My name is Cynthia Tidrick and I live in Princeton, WV. I’m 60 years old, work as a contractor for a life science company, and live with emphysema.
Emphysema is a progressive lung disease that, even when treated, leads to shortness of breath and continued scarring. So that I can support myself, perform activities of daily living, and enjoy physical mobility, I need a long acting inhaler called Bevespi. This medication opens my airways and helps me breathe easier. However, Bevespi has become increasingly unaffordable.
I am a Technical Writer and for the last decade have worked as contracted labor. I continue to work contracts, usually six months at a time. Consequently, my health insurance is always precarious. Over the past few years, the cost for my inhaler has ranged by hundreds of dollars depending on my insurance plan. But over the last 18 months, which included two contracts and a period of unemployment, I have paid and continue to pay $449 for a 30 day supply. I am bewildered by the high price of my inhaler.
I have tried other long acting inhalers that were financially affordable, but the side effects were debilitating and required additional medications to treat.
Thus far, I am very lucky to be able to afford my inhaler despite this high cost. But all that has to happen is for my current contract to fail to renew, and I am in trouble. I budget around this cost and keep the price in mind every month. I am 60 and believe I would be better served by affordable medication and saving that $400 dollars a month for my pending retirement. The fewer services I need as a retired senior, the better for West Virginia and the United States tax payer.
Lower drug prices for long acting inhalers like Bevespi would bring peace of mind to me and countless other patients across the country. Having predictable costs over time makes budgeting easier, savings more robust, and we all know less stress makes for a happier public.
Currently, Congress has the chance to pass meaningful drug reforms that would allow Medicare to negotiate lower drug prices, curb drug price increases that exceed inflation, and cap out-of-pocket costs for seniors. I need my Senator, Joe Manchin, to pass these reforms now. West Virginians like me can’t wait any longer for relief from high drug prices.
|“Tell Senator Sinema To Do The Right Thing — Don’t Sell Out Arizonans To Big Pharma”|
|WASHINGTON, D.C. — Patients For Affordable Drugs Now announced a new ad today in Arizona as part of its campaign to push for inclusion of strong legislation to allow Medicare to negotiate lower drug prices in the Build Back Better Act. The ad comes as efforts to include drug pricing provisions in the reconciliation package have surged in recent days after the president’s framework failed to include such provisions. |
The new ad, which will run on Arizona cable television and digital platforms starting this week, features Tucson patient advocate Brenda Dickason, a small business owner and former police detective and teacher who lives with asthma and severe allergies. In addition to this new ad, Patients For Affordable Drugs Now is continuing to run an ad calling out Senator Sinema and Reps. Peters, Rice, and Schrader for their ongoing efforts to gut and block Medicare negotiation legislation. The campaign also includes grassroots advocacy, in which Arizonans contact Senator Sinema to support passage of legislation to lower drug prices.
“Right now, Senator Kyrsten Sinema is working to weaken a provision to lower the prices of prescription drugs that enjoys support from 90 percent of Americans — Democrats, Republicans, and independents alike,” said David Mitchell, a patient with incurable blood cancer whose drugs carry a list price of more than $900,000 per year and founder of Patients For Affordable Drugs Now. “It’s gone on long enough. Senator Sinema must support strong Medicare negotiation, or she will be ignoring the will of the people she represents — 9 out of 10 Arizona voters.”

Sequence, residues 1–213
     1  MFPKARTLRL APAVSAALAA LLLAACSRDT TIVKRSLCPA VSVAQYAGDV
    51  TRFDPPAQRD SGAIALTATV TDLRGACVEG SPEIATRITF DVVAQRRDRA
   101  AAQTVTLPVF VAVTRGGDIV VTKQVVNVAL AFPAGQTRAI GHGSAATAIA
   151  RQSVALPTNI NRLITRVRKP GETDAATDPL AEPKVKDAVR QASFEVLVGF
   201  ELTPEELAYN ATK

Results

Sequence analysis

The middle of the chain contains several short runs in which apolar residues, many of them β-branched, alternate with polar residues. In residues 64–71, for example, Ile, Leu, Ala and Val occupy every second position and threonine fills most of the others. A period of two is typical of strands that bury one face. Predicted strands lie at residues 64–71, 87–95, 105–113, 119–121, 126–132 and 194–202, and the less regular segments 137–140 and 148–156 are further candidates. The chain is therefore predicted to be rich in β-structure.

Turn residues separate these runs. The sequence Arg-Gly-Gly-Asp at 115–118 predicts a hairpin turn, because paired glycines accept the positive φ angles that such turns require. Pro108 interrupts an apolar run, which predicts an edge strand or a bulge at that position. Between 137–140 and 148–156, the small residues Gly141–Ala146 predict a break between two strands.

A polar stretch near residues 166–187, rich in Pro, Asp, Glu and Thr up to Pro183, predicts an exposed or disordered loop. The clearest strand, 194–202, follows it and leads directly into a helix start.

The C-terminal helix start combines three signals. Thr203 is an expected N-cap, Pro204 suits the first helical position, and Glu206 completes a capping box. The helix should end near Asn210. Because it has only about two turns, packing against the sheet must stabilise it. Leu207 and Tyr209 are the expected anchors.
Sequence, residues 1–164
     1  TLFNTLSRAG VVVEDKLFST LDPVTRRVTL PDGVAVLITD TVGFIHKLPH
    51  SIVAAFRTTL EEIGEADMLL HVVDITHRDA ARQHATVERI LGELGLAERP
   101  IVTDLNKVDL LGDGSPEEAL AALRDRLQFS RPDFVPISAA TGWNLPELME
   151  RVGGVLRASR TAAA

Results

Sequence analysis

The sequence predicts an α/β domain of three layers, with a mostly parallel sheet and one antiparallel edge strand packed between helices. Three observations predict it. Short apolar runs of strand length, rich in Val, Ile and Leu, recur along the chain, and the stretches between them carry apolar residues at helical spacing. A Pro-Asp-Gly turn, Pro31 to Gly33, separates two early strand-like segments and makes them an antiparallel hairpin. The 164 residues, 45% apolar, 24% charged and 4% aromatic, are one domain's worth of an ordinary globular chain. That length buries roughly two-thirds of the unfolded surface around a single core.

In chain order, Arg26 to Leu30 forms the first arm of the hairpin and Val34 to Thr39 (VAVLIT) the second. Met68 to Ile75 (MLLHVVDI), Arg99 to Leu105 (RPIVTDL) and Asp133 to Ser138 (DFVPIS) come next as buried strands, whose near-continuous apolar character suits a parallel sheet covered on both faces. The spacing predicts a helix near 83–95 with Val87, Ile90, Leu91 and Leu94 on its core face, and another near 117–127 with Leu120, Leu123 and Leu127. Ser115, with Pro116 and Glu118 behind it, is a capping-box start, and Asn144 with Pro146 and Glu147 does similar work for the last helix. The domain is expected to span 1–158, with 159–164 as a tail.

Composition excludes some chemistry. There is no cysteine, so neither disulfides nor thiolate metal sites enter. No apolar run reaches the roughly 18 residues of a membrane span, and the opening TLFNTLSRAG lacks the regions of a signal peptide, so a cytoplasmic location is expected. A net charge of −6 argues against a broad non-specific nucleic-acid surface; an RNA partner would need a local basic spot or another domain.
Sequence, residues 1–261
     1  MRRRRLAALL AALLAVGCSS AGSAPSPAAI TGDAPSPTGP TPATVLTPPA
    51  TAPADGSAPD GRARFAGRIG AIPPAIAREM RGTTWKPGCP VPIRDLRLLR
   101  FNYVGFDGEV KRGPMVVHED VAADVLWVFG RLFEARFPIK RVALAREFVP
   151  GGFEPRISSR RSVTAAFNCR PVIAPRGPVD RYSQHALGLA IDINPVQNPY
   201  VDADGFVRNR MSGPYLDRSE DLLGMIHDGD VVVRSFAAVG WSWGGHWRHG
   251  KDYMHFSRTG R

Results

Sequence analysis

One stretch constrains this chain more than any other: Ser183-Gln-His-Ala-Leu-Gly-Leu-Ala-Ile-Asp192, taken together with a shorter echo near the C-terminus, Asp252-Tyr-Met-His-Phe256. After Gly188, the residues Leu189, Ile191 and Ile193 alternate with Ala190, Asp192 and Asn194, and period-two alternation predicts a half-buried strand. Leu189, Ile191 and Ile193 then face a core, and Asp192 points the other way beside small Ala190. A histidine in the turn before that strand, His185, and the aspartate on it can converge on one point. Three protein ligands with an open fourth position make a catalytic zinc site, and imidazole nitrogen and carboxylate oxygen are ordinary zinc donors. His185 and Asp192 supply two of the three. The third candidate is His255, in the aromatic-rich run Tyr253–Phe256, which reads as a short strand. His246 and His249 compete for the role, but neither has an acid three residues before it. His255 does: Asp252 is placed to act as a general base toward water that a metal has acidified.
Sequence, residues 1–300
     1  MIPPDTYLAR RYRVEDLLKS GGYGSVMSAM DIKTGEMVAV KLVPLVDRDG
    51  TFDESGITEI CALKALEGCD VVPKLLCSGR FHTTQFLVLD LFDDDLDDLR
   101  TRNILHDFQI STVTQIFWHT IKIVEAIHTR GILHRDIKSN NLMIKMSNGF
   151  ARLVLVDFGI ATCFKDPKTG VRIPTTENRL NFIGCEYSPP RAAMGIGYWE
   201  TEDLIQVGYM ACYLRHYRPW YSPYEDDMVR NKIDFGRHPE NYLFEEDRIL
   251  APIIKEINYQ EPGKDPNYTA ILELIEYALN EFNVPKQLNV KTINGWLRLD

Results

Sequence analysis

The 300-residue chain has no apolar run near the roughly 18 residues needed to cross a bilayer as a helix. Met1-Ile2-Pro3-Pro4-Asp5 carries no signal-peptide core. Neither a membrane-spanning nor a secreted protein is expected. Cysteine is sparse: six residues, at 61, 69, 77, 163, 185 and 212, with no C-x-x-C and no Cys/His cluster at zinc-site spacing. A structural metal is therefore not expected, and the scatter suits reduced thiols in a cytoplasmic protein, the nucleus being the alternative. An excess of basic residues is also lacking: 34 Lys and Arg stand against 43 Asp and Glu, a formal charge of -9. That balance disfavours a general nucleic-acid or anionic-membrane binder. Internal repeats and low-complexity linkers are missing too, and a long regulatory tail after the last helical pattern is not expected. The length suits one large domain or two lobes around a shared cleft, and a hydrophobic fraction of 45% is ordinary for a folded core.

Watch the full ad here.
“Senator Sinema, we’re counting on you to keep your promise and allow Medicare to negotiate lower drug prices,” Brenda, a Medicare beneficiary who depends on EpiPens that are priced at $250 for a pack of two, says in the ad. “I devoted my life to serving my community as a police detective and teacher. When it was time to retire, I had to start a small business just to afford my medications. I still can’t afford all of my prescriptions and I can barely keep my business afloat. As Arizonans and Amercians, we deserve better.”
In 2018, Senator Sinema ran on a promise to lower drug prices. She has since received $108,500 from the drug industry in the 2020 election cycle. Sinema’s new federal election filing shows she raised roughly $55,000 in the third quarter of 2021 alone from drug industry executives and political action committees. She has been an obstacle to proposals from the White House and Congress that allow Medicare to negotiate lower prices for the most expensive drugs that patients struggle to afford. The senator reportedly agreed to a drug pricing provision similar to those in a bill designed by Reps. Peters and Schrader that masquerades as drug pricing reform but would actually maintain the status quo and keep prices high.
“Tell Senator Sinema to do the right thing — don’t sell out Arizonans to Big Pharma,” the new ad concludes.
This ad comes as momentum has been building over the weekend to ensure that the most popular provision — allowing Medicare to negotiate lower drug prices — is included in the Build Back Better Act. Congressional leaders have been working to agree on meaningful provisions for the package that would lower prices for patients. Democratic members on both sides of the Capitol have been clear that Medicare negotiation must be included in the final package.
All recent P4ADNow ads can be found here.